Cyber-security start-up, Callsign is helping Lloyds Banking Group to meet approaching antifraud laws with new digital identification and authentication software.
The new tech is being brought in to satisfy the EU’s Second Payment Services Directive which comes in on 19th September. The law will require most online payments over €30 to pass through extra verification channels, such as submitting a code sent to a user’s smart device.
Last month, financial institutions were told that the new directive would cause the failure of up to 25% of online payments, because new payment infrastructures have not yet been tested, and smaller companies are still lacking the required technology.
The software provided by Callsign uses multiple real-time data transactions instead of passwords to help confirm an individual’s identity.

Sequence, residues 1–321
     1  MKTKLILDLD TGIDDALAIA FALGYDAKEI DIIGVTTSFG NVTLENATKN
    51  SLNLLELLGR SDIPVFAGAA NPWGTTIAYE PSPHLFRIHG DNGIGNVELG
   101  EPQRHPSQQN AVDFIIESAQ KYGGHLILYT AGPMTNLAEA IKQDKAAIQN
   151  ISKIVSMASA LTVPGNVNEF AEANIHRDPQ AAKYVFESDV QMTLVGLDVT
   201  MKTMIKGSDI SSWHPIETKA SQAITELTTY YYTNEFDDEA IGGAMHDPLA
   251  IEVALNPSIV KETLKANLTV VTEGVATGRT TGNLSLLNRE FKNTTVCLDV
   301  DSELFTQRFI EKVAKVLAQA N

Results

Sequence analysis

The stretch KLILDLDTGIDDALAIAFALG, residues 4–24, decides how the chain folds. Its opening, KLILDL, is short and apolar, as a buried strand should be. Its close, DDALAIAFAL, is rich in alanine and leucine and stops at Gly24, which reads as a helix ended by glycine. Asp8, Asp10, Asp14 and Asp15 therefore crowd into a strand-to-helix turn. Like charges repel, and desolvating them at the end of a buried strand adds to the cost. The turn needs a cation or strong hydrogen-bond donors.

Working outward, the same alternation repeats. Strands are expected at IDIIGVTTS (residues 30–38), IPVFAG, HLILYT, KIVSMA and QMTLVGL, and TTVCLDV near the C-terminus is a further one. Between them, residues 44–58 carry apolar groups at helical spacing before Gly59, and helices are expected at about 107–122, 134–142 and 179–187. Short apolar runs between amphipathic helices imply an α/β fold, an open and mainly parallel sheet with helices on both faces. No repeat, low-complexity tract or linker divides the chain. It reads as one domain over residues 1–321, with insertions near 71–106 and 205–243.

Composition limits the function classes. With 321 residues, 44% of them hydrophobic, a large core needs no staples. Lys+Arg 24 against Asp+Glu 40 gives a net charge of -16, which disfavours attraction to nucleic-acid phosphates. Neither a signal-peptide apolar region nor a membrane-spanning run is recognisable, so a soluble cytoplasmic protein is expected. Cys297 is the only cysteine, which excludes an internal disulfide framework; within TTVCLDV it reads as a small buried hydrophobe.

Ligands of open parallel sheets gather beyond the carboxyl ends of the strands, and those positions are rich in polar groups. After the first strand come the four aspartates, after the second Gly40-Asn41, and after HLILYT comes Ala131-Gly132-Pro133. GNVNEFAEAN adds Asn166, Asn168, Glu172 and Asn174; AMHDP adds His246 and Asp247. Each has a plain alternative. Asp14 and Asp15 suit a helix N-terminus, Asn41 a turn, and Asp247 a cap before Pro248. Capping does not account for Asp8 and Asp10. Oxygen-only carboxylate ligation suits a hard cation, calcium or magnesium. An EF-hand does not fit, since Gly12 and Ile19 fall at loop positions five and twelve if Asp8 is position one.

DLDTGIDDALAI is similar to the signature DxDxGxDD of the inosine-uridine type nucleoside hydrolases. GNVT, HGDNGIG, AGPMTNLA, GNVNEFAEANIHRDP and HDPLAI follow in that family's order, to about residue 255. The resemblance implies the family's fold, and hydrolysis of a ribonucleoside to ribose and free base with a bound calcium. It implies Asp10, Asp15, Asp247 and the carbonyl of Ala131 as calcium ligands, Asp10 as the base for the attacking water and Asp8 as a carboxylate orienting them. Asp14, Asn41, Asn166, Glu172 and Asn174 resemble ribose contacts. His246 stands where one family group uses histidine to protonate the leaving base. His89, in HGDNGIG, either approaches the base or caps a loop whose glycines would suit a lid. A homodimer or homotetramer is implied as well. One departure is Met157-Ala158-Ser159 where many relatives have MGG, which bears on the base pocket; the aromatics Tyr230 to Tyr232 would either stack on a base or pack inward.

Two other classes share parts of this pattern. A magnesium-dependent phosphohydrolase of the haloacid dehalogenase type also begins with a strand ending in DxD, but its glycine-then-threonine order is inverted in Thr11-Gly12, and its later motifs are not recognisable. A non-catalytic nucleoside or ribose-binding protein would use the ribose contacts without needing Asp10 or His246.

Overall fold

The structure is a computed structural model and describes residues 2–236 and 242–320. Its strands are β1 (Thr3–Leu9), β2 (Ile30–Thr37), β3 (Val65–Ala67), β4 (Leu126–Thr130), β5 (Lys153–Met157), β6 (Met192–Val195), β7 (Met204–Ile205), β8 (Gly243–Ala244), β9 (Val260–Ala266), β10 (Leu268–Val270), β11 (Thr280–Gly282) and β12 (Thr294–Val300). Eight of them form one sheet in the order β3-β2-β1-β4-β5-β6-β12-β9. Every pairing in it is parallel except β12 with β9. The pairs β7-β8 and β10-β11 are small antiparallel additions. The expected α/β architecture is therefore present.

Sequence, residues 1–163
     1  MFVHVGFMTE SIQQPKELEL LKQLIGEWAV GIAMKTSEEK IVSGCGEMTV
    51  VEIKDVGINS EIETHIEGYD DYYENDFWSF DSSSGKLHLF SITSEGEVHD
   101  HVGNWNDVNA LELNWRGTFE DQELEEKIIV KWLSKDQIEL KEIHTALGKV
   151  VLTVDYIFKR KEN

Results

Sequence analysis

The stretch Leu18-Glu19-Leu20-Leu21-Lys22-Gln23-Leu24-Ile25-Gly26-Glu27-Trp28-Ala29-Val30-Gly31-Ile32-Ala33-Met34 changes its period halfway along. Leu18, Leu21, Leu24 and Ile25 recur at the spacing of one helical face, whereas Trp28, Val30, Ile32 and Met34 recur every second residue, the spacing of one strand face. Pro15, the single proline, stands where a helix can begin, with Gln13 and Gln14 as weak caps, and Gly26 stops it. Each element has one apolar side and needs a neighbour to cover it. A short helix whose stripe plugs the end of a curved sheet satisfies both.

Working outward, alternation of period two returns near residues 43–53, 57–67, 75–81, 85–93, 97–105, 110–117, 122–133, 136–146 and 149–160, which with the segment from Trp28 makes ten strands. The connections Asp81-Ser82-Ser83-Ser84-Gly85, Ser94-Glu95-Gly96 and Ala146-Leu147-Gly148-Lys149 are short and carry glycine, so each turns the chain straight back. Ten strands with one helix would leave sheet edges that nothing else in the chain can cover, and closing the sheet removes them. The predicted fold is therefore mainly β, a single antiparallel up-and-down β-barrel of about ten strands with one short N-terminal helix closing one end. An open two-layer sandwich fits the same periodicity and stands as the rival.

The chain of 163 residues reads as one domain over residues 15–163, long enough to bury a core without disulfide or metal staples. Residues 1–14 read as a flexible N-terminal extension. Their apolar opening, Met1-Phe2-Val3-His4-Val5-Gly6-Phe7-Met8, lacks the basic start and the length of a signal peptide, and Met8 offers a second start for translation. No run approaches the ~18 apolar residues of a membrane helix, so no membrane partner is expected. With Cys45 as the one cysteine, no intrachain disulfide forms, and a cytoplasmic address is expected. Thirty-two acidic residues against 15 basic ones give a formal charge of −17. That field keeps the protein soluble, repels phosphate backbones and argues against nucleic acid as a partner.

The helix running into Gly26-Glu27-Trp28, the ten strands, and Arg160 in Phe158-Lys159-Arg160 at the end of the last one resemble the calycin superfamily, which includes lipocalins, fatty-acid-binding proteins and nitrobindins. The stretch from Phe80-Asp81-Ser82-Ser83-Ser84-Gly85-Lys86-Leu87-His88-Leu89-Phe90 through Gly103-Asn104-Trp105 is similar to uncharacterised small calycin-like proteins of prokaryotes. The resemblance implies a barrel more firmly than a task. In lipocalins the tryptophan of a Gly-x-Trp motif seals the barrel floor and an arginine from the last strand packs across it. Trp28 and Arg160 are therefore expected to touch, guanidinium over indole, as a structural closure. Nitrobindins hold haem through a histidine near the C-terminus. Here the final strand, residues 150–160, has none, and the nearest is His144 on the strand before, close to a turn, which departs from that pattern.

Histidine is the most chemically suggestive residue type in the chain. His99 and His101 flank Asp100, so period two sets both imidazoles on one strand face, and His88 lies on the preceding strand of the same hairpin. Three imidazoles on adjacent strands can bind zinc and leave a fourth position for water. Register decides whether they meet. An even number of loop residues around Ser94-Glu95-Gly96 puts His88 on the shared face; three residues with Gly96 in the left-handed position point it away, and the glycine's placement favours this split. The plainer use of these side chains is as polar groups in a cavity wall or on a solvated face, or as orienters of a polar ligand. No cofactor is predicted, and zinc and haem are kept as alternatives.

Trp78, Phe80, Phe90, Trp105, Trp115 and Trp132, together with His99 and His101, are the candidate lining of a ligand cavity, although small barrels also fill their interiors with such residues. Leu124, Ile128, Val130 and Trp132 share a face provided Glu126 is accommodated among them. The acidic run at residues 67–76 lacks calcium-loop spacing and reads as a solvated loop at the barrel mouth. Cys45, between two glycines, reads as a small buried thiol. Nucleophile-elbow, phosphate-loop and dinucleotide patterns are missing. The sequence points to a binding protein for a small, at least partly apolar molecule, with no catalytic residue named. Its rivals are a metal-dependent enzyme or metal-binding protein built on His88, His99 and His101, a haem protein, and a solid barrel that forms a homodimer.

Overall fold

Relying on AI innovation, the programming constructs an image of the individual to learn how they use their smart device. The device being used in an unfamiliar way or location would be flagged up as suspicious. Once activated, alerts could lead to suspicious devices being blacklisted.
Lloyds is investing £3bn in technology initiatives over the next few years as financial institutions worldwide bid to bolster cyber-security while optimising process speeds and user experience.
Callsign’s approach will enable customers to access their accounts with just one swipe of their phone’s screen. Lloyds may bring in the technique for their own customers as the group bids to stay competitive within an industry being driven by new digital banking disruptors such as Monzo.
As reported by the Financial Times, Callsign’s chief executive, Zia Hayat, said:
“Our solution will enable the bank to go even further in maintaining a premium customer experience when it comes to identification, traditionally a challenging thing to achieve.” Callsign already has deals with banks and other institutions to identify staff online without the need for time-consuming two-factor authentication.
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